Kildare saves the life of an ice skater who was in an auto accident. But even though her broken leg has knit, she can't walk, and she tries to sue Kildare for malpractice, and Kildare's entire career and reputation now rests on making a proper diagnosis in the courtroom.
Dr. Jimmy Kildare and Nurse Mary Lamont are all sent to get married and her brother Doug Lamont has come to New York. When Jimmy meets him he notices strange behavior on his part such as sudden inattention or acting as if he was hearing sounds that are non-existent. The doctor starts to diagnose him and comes to the conclusion that he probably has epilepsy, a hereditary disease that could conceivably affect Mary as well, even though she has never shown any symptoms. Dr. Kildare is worried about this part of medicine and how you tell someone that they have a disease that they can do nothing about. It's left to Dr. Leonard Gillespie to come up with a solution and ensure that Jimmy and Mary can still get married.
It is a week before Dr. Kildare's wedding to pretty Nurse Mary Lamont. The hospital is a-buzz with preparation for the big day. And good old Dr. Gillespie, despite fatigue, has agreed to help a prominent orchestra conductor regain his hearing. But soon tragedy strikes . . . will the hospital every be the same?
Dr. James Kildare has just completed his internship at Blair General Hospital and is assigned to work with his mentor, Dr. Leonard Gillespie. But fearing for the health of his father, Dr. Stephen Kildare, he returns to his parents home in Parkersville to help him with his excessive workload servicing a wide area ever since other doctors moved elsewhere. Noting that three doctors at Blair General are doing menial jobs because they can't start practice, Kildare conceives the idea of building a clinic in Parkersville to be serviced by the three doctors and financed by the townsfolk paying ten cents a week to subscribe to the service. But influential men in Parkersville provide serious opposition to the plan.
Dr. Jimmy Kildare is back at work at Blair General hospital, though several people admit that he is not himself since suffering his loss. He's taken a liking to a young intern, Don Winthrop, and tries to help him out when he transports an accident victim, socialite Cynthia "Cookie" Charles, to Blair General from outside the hospital's agreed territory. When the other hospital complains, Winthrop is fired. Soon after, his girlfriend, Nurse Anabelle Kirke, is also let go when she too misapplies hospital policy. Kildare pleads their case with the hospital Board but with little luck. He then gets the well-connected Cookie, who has a thing for him, to help to sort it out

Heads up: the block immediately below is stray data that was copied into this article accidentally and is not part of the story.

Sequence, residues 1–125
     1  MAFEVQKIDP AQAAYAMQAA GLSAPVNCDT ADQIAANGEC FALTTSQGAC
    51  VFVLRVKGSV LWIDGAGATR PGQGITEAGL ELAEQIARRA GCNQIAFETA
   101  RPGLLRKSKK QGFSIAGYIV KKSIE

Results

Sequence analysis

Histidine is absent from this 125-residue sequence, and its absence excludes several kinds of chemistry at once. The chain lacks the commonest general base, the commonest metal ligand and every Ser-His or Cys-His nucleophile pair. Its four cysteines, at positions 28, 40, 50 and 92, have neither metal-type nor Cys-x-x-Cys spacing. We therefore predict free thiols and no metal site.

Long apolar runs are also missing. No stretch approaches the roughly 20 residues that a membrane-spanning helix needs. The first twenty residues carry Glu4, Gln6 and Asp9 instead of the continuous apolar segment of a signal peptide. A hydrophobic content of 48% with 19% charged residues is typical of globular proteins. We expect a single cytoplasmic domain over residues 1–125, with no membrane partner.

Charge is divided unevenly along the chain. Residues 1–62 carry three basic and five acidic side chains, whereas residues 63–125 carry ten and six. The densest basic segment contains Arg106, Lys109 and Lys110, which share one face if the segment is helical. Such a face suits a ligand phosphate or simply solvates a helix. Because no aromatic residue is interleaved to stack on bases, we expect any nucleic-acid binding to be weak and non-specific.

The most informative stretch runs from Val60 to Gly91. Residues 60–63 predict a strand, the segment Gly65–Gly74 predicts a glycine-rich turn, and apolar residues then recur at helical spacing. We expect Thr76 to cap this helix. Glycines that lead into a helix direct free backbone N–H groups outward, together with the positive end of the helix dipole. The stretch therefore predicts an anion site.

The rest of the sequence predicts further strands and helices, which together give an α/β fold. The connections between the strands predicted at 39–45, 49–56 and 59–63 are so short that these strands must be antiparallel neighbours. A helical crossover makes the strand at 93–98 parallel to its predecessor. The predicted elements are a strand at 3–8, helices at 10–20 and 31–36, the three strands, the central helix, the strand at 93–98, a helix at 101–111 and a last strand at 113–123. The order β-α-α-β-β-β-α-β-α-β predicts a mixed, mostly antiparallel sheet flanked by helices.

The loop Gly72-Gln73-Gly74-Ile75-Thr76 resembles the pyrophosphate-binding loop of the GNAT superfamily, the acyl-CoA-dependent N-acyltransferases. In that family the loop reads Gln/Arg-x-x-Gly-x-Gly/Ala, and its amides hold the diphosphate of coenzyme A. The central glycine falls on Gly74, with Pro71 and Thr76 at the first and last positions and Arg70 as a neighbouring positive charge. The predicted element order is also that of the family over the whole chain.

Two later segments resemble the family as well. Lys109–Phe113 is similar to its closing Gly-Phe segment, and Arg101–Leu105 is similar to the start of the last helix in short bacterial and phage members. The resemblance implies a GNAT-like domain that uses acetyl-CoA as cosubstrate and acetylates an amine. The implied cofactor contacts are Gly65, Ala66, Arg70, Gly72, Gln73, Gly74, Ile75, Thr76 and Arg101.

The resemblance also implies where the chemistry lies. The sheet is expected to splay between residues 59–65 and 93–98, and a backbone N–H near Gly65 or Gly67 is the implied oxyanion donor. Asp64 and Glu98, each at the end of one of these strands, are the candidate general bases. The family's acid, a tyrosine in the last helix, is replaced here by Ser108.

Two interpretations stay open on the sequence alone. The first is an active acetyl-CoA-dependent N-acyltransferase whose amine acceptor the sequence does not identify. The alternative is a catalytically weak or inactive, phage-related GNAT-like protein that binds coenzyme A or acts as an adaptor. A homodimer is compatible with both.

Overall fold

Dr. Gillespie's cancer has gotten worse, and to force him to take a rest instead of pursuing a sulfa-drug/pneumonia study, Kildare refuses to assist Gillespie, and instead accepts a case of hysterical blindness. She's also the daughter of a millionaire who could help the hospital.
Young Dr. Kildare is still being trained at General Hospital by old, crusty Dr. Gillespie. This time, he tries to rehabilitate Gregory Lane, a brain surgeon depressed over losing too many patients (and incidentally Kildare's romantic rival for nurse Mary Lamont). Lane's losing streak takes a new turn when one of his patients survives…but seems to be insane. Or is the man's strange obsession with Friday the clue to a mystery? To find out, Kildare must take a terrible risk.
Fresh out of medical school, young Dr. James Kildare decides to leave his father's country practice and take up a position at a large New York hospital. There he meets the famous Dr. Leonard Gillespie who becomes his mentor. Kildare finds himself in serious trouble when he saves a suicidal woman who turns out to be an heiress with a powerful family.
Dr. Gillespie tries to teach Jimmy Kildare a lesson by tossing him into a street clinic. Only Kildare gets called to take a bullet out of a suspected murderer, and when the cops collar him for it, he has to try and prove his patient's innocence, especially for his sister Rosalie's sake.